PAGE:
Even if properly designed and modelled, a manual OpenStack deployment and configuration is complex and can take weeks. That’s because OpenStack consists of various interconnected components that have to be carefully configured to work together.
There are various tools that allow automated OpenStack installation in multi-node scenarios, but in any more sophisticated scenario, complexity starts growing exponentially and raises the need for abstraction. It may require integration with an extraordinary SDN solution or a non-default storage system.
Before a single package can be installed, however, the underlying infrastructure has to be prepared. Since OpenStack usually runs on bare metal, physical hardware and network equipment needs to be installed and configured first. Adopting a reference architecture can accelerate this process. Once all machines are racked and cabled, the entire cloud can be deployed in less than an hour.
A successful deployment is just the first step toward an OpenStack private cloud. On “Day 2,” the team may discover that requirements were not initially gathered carefully and the cluster is quickly running out of capacity. Fortunately, there are some spare nodes that can be borrowed, but how quickly can they be made part of the cluster? Can the OpenStack scale out on demand?
Down the road, the OpenStack cloud will need an upgrade to the latest stable version. Yet, this can mean having to deploy a new cloud and migrate the workloads — a time-consuming process.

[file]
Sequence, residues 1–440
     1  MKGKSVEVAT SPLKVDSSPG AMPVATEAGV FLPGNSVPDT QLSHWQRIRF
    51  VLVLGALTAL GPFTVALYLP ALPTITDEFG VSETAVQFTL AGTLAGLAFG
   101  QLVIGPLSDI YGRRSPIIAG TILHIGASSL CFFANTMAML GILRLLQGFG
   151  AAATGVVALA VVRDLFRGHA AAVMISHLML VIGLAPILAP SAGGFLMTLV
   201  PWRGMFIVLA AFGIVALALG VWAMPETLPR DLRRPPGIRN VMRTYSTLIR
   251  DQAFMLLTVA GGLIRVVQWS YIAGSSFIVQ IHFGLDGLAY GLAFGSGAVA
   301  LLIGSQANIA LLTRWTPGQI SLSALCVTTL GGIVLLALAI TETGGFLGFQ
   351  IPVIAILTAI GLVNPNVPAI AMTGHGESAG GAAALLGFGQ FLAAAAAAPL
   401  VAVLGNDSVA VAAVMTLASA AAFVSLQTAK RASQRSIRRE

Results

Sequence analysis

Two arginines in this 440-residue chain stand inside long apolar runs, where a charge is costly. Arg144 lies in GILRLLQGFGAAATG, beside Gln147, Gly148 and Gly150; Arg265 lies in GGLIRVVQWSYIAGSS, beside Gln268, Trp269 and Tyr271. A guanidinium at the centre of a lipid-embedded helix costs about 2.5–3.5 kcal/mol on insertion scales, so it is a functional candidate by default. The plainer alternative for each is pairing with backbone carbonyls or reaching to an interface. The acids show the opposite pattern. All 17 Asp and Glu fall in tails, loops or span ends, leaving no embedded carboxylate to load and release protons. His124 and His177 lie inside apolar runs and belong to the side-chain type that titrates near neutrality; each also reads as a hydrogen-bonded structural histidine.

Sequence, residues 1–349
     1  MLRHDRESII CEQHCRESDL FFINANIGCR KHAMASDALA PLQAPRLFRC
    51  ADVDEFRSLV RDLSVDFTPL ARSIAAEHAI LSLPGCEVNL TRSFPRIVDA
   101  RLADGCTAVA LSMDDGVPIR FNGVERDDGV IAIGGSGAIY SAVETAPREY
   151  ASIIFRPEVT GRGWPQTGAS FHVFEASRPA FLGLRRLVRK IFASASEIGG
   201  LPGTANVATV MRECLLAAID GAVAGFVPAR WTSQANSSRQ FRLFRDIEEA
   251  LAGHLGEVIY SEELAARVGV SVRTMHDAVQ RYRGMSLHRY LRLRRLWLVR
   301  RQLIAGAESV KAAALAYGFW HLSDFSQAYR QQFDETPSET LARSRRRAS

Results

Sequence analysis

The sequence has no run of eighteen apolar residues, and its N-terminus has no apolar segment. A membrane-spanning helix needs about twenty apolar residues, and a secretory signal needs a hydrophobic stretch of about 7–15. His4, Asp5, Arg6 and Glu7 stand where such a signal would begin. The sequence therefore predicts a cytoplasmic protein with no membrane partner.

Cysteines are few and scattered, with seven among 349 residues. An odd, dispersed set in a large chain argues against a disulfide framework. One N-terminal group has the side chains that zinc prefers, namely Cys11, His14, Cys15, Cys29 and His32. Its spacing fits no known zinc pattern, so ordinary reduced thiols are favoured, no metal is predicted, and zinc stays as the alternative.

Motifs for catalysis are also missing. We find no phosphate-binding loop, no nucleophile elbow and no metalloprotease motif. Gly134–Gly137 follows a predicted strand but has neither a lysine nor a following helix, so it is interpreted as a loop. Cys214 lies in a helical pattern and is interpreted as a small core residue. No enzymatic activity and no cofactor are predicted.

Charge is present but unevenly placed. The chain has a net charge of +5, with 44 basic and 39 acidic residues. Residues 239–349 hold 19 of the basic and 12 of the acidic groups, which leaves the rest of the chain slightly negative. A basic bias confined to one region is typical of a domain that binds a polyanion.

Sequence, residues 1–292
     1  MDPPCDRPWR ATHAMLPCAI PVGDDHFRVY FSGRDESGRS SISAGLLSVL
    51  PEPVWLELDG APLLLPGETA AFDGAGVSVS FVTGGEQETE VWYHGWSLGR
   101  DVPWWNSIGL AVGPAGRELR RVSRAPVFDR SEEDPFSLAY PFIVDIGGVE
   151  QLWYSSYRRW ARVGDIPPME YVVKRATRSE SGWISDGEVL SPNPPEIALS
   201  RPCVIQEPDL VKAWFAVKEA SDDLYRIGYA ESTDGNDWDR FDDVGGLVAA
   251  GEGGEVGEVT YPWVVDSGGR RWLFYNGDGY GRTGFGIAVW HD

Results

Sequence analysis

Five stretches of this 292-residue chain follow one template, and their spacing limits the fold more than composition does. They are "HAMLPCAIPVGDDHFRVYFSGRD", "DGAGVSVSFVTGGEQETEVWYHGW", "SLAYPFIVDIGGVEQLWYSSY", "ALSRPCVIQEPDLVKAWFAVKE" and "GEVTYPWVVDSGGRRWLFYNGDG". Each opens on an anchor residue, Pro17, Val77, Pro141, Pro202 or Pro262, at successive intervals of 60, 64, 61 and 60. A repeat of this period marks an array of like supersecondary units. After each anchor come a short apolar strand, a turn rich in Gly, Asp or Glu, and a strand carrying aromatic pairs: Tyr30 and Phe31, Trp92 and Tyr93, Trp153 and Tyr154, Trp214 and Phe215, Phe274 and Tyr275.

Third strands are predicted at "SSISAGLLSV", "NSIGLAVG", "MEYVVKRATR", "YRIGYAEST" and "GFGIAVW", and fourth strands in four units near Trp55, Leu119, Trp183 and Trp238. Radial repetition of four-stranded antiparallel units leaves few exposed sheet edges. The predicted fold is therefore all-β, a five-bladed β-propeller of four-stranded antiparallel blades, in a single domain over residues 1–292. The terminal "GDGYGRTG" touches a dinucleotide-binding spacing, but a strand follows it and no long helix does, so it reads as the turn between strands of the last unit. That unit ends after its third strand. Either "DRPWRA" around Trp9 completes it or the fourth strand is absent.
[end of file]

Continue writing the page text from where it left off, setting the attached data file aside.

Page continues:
OpenStack maintenance is difficult, but fortunately, all of these complex operations — such as scaling out the cluster, relocating application units or database recovery — can be fully automated through technology that provides service orchestration capabilities.
There are situations where all of the above are insufficient. For example, what if a critical security vulnerability is found to be affecting the environment? Security patches and bug fixes usually become available within a few days, but what if the cloud needs patching in a few hours? What if there is no in-house knowledge to fix a simple issue? Furthermore, what if an organization simply lacks enough people to operate OpenStack?
In these cases, it is wise to bring in outside experts to assist with OpenStack operations, including support services and managed services. These services can cover critical security patches, 24/7 support, and more — all of which aim to ensure maximum uptime and stability.
Organizations may also consider fully offloading the effort and risk associated with OpenStack operations by hiring a partner for fully managed services. This allows the company to fully focus on maximizing the business value brought by OpenStack while outsourcing the challenges.
Although OpenStack is a complex system consisting of various interconnected services, by following these five steps, enterprises can significantly reduce the pains of the adoption process. As a result, they can save the budget spent on dedicated headcounts and focus on maximizing the value brought by the cloud platform rather than struggling with its implementation.